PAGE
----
Statistics South Africa has published its updated national poverty lines for 2022.
Poverty lines are important tools that allow for the statistical reporting of poverty levels and patterns and the planning, monitoring, and evaluation of poverty reduction programmes and policies.
The primary purpose of the national poverty lines is to provide a tool for the statistical measurement of money-metric poverty. The lines contain both food and non-food components of household consumption expenditure.
StatsSA tracks three lines – the food poverty line, the lower-bound poverty line, and the upper-bound poverty line.
- The food poverty line is now R663 per person per month, up from R624 previously (+6.3%). This refers to the amount of money that an individual needs to afford the minimum required daily energy intake. This is also commonly referred to as the “extreme” poverty line;
- The lower-bound poverty line is now R945 per person per month, up from R890 previously (+6.2%). This refers to the food poverty line plus the average amount derived from non-food items of households whose total expenditure is equal to the food poverty line;
- The upper-bound poverty line is now R1,417 per person per month, up from R1,335 previously (+6.1%). This refers to the food poverty line plus the average amount derived from non-food items of households whose food expenditure is equal to the food poverty line.
The below graph shows how the inflation-adjusted poverty lines have changed from 2006 to 2022.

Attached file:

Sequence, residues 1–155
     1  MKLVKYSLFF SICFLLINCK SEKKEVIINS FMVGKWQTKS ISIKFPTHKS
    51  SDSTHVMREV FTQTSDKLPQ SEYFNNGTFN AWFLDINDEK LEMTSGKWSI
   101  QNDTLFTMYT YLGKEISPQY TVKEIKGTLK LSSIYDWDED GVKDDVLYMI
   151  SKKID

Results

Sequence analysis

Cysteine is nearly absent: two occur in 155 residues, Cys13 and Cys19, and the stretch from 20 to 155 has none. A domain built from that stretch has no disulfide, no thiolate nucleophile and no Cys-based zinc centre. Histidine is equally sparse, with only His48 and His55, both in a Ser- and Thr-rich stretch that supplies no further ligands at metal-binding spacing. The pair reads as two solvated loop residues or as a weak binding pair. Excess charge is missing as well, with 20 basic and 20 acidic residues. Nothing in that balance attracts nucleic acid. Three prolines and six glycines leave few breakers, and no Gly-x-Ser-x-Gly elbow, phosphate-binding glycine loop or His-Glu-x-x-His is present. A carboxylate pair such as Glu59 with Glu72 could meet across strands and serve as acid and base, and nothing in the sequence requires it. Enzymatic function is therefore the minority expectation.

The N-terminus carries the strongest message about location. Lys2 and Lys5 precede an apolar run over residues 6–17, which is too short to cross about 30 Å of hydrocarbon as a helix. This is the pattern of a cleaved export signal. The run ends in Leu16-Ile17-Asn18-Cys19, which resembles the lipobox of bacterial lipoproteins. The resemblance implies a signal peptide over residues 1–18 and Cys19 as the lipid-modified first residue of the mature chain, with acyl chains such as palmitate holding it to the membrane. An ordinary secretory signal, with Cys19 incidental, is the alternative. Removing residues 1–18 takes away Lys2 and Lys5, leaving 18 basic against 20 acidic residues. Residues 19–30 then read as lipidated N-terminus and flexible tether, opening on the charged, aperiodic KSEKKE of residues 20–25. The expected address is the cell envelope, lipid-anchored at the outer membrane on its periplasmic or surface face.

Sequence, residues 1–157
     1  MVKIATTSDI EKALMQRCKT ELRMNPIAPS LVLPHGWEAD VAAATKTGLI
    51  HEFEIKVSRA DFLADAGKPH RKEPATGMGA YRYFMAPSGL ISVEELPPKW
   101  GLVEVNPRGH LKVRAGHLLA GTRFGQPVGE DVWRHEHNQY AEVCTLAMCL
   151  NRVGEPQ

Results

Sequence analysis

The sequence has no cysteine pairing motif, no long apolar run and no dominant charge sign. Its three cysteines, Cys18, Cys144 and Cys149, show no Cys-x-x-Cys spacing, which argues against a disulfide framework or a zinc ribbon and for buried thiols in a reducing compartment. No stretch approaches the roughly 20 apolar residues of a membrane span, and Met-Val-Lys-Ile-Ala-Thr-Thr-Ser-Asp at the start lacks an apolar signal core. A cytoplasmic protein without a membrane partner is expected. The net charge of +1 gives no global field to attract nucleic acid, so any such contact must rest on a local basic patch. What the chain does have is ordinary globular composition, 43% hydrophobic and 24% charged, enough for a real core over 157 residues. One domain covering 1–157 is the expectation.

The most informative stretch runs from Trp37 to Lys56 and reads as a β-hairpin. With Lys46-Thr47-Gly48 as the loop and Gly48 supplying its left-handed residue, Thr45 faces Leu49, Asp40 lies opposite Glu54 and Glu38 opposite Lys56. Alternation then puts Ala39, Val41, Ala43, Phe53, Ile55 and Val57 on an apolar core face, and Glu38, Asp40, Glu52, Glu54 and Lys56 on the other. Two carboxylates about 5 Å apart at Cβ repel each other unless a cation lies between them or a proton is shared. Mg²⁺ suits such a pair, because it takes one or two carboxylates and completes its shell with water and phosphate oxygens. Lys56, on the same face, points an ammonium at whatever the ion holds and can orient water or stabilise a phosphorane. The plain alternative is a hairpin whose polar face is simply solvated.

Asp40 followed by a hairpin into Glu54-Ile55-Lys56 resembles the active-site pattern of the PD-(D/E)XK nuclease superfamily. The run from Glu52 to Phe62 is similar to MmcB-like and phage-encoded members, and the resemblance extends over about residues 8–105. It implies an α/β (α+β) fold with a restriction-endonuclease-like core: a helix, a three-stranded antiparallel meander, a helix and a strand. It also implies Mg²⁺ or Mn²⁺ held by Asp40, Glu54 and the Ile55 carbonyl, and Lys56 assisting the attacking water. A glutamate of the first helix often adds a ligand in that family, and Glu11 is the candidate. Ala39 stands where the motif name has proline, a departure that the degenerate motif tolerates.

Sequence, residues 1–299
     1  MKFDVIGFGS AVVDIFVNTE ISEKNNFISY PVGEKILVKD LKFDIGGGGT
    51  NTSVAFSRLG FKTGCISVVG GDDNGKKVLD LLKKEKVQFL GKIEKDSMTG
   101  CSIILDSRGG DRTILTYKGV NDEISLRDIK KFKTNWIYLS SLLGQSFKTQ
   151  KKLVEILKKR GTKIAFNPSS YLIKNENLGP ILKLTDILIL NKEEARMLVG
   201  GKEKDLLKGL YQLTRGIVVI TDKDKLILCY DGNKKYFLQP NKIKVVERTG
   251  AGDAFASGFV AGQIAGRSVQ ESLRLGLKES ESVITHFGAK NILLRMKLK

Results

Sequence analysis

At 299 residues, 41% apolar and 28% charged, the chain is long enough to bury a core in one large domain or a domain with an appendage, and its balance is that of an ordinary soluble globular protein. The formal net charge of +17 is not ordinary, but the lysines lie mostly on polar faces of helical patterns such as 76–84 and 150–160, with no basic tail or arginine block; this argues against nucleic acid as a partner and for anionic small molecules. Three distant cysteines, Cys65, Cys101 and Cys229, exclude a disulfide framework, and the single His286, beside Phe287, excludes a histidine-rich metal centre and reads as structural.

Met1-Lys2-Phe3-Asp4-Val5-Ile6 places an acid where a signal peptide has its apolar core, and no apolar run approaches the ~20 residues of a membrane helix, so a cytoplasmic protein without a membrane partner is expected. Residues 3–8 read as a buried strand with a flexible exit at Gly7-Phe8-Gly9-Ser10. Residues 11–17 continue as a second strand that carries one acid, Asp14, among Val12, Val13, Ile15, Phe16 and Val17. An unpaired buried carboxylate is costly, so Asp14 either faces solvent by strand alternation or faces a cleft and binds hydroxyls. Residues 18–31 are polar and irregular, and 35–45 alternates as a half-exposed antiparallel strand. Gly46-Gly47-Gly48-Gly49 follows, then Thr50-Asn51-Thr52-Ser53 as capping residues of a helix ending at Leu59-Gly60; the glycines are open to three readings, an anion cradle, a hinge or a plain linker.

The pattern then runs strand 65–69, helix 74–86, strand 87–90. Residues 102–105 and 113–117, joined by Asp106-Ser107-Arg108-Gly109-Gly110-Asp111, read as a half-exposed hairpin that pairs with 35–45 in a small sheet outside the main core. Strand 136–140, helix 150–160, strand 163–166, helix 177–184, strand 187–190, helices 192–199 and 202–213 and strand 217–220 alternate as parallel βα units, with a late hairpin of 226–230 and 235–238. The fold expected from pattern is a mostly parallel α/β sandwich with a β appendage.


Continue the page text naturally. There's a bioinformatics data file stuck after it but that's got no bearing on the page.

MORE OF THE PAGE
While the updated national poverty lines help establish a government baseline, they do not accurately reflect the plight of many poor South Africans, who often end up substantially worse off as they provide for themselves and their family members.
According to the Pietermaritzburg Economic Justice & Dignity group (PMBEJD), approximately 30.4 million people in South Africa live below the old upper-bound poverty line of R1,335. The group estimates that 13.8 million people live below the food poverty line.
The group’s data shows that food prices increased significantly over the past year – rising almost 13% between August 2021 and August 2022 – far outpacing headline inflation at 7.8% and food inflation at 10.1%.
The household food basket it tracks to gauge inflation in low-income households recorded a slight increase in price month-on-month in August.
The group recorded the average cost of its Household Food Basket for August 2022 at R4,775.59. Month-on-month, the average cost of the basket increased by R26.72 (0.6%), while year-on-year, the basket increased by as much as 12.6% or R534.47.
South Africa’s grants range from below to far above the country’s poverty lines.
- Old Age grant (75+): R2,005
- War Veterans grant: R2,005
- Old Age grant: R1,985
- Care Dependency grant: R1,985
- Foster Care grant: R1,070
- Child Support grant: R480
- Social Relief Distress grant: R350
The PMBEJD notes, however, that in August 2022 the average cost to feed a child a basic nutritious diet per month cost R820.26, meaning the grants do not adequately cover the costs.
“The high cost of food remains a major crisis for millions of South African families and continues to frustrate peoples need to live a full productive life, to be able to afford proper nutritious food, and be healthy and well and in control of their future,” the group said.